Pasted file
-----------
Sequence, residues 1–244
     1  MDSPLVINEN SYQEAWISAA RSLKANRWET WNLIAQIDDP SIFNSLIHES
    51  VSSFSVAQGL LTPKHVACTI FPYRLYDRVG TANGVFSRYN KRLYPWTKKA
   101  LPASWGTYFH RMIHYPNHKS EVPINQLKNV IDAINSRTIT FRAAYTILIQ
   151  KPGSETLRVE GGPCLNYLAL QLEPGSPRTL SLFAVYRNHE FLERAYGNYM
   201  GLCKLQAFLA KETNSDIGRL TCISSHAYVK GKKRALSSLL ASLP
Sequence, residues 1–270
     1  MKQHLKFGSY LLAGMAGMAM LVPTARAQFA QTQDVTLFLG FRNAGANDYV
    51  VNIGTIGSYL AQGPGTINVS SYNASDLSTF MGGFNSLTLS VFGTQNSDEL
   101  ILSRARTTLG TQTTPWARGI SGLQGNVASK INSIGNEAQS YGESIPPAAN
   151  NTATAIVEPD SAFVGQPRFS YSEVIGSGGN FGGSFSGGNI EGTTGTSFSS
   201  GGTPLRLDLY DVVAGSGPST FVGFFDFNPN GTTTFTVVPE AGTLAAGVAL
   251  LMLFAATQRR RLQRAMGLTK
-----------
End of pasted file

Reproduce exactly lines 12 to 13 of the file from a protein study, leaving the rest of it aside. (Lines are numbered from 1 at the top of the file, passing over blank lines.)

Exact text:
   201  GGTPLRLDLY DVVAGSGPST FVGFFDFNPN GTTTFTVVPE AGTLAAGVAL
   251  LMLFAATQRR RLQRAMGLTK